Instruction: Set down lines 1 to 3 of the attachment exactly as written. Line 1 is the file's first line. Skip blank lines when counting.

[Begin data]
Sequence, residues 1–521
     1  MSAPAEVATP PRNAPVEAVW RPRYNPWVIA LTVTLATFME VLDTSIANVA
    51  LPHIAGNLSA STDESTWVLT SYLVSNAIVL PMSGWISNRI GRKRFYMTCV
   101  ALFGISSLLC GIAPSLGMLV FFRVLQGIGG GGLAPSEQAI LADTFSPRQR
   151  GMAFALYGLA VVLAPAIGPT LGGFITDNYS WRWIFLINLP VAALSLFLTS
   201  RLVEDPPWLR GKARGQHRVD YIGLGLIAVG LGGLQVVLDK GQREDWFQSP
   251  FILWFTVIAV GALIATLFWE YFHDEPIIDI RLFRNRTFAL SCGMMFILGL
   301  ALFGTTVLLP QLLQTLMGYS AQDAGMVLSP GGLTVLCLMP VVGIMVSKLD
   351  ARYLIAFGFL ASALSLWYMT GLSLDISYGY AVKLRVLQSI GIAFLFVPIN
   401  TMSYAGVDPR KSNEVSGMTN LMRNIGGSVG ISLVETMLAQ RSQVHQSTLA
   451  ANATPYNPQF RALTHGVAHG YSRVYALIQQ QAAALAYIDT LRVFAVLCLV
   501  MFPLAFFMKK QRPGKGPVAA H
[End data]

Sequence, residues 1–521
     1  MSAPAEVATP PRNAPVEAVW RPRYNPWVIA LTVTLATFME VLDTSIANVA
    51  LPHIAGNLSA STDESTWVLT SYLVSNAIVL PMSGWISNRI GRKRFYMTCV